The Edinburgh book festival is a veritable feast of authors and all manner of book related events that we are incredibly fortune to be able to attend every year. One of the events my teenage daughter and I went to this year was ‘The Great YA Debate’, a discussion on the category of young adult fiction, it’s features, it’s role and whether it curtails teen readers from moving on to more sophisticated adult novels. Chaired superbly by Daniel Hahn it was an hour and a half of lively discussion with many important issues raised. Anthony McGowan suitably provoked the audience with his sometimes controversial thoughts on young adult fiction (as an author for young people himself I did wonder how far his arm had been twisted to play this part, although I think he was enjoying winding up the crowd!). Elizabeth Wein provided a voice of reason with contributions from other YA authors Christopher Edge, Jenny Downham, Annabel Pitcher and Patrice Lawrence. There were many relevant and pertinent issues raised and it was good to hear so many thoughts from young people too. My daughter and I both thoroughly enjoyed this event and have carried on our conversations on this topic at home. I thought it would be more interesting to share a young persons view on this topic so my daughter has willingly obliged and written the rest of this post for me!
Recently I attended a debate on YA fiction with various authors sharing different viewpoints on the importance of YA books and who they are for. Currently some readers, who I think seem quite snobbish, look down on adults who “read down” suggesting they are not maturing and moving on to books that are more appropriate. Others simply dismiss YA books as tacky vampire romance novels. It seems there is a lot of prejudice surrounding YA fiction, a category which is blossoming and growing in variety. So is there a place for YA books or are they just simple tales for those avoiding reality?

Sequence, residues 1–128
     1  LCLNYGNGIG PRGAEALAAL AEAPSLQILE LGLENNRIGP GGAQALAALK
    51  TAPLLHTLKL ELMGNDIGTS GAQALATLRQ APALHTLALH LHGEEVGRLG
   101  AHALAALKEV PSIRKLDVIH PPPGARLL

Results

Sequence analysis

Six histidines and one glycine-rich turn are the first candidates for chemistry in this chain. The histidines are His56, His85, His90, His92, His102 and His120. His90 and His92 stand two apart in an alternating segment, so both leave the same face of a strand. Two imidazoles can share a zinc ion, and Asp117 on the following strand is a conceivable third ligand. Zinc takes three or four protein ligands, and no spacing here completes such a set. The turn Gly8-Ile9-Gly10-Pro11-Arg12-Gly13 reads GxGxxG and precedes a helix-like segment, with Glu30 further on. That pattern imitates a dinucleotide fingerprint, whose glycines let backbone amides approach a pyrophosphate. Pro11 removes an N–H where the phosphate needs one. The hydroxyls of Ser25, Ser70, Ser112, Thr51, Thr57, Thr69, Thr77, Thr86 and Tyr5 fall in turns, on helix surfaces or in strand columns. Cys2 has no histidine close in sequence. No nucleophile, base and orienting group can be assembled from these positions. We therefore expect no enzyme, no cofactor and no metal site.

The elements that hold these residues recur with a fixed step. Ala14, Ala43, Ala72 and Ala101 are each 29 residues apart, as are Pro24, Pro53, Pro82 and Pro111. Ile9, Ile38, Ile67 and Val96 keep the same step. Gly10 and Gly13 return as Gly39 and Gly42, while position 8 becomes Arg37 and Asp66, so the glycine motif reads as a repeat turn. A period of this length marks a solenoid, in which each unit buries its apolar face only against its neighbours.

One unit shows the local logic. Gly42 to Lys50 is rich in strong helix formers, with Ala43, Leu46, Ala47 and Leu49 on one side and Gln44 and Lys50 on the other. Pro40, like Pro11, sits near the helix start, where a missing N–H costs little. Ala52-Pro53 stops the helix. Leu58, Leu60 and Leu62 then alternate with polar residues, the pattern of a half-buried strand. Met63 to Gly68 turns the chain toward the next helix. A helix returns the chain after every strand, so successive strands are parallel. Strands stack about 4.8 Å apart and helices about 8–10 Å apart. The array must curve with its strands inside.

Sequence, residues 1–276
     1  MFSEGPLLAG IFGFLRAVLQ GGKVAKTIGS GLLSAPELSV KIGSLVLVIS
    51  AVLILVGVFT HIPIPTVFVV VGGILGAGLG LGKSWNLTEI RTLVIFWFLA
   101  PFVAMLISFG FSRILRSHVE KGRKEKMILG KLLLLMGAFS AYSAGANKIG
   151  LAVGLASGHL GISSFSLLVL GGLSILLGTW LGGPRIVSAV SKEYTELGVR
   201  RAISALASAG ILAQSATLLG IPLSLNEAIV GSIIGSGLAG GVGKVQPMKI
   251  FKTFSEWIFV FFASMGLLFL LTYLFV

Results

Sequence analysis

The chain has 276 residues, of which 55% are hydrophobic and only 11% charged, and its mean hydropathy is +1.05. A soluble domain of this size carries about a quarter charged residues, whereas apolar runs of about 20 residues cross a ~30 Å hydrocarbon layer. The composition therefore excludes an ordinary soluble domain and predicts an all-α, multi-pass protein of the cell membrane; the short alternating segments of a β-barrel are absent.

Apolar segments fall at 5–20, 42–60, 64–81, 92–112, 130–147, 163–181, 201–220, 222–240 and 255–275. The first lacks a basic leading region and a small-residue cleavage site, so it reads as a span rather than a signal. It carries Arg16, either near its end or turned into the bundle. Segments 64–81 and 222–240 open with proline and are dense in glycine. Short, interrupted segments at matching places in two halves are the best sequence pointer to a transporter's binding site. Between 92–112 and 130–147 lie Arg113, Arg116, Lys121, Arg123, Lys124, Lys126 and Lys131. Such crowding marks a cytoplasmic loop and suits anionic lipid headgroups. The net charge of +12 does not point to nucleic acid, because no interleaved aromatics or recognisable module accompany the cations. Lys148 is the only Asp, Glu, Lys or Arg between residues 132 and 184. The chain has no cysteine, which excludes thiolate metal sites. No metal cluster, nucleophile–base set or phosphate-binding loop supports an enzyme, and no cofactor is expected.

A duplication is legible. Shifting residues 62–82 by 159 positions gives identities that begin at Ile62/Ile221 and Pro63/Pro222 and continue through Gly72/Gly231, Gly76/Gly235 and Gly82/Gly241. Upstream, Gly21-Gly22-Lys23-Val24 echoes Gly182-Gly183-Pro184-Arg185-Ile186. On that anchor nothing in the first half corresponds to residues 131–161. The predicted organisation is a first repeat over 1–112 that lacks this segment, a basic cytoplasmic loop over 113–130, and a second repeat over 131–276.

Let’s take a closer look at YA books. Most often stereotyped as books along the lines of Twilight or The Hunger Games, the reality is it is an exciting category crammed with books covering a huge breadth of topics often tackling subjects that are shied away from and expressing a variety of emotions. Of course there are some mediocre YA books but the same can be said of adult books, and there are many that are fascinating. It was suggested that YA books are too simple but I think there are many complex and important issues such as death, rape , sexuality and identity in these books which are written in a way that’s accessible for young people like myself. Hans Hoffman said “the ability to simplify means to eliminate the unnecessary so that the necessary may speak”. I think this is what so many YA books do well. This is not meant to insult adult novels but to demonstrate that just because something seems simple doesn’t mean it’s not powerful. I personally think it’s fine for adults to read YA books as they can open pathways to imagination and provide valuable insight into the issues that face teenagers today.
I don’t want to sound like I am dismissing adults novels, many adult books are intriguing with stories that are thrilling and heartfelt and of course there are wonderful classics. As an avid reader I devour classic novels and Shakespeare plays – they give me an opportunity to look into the past and provide a challenge that satisfies my brain. As within the YA category there are good books and not so good books.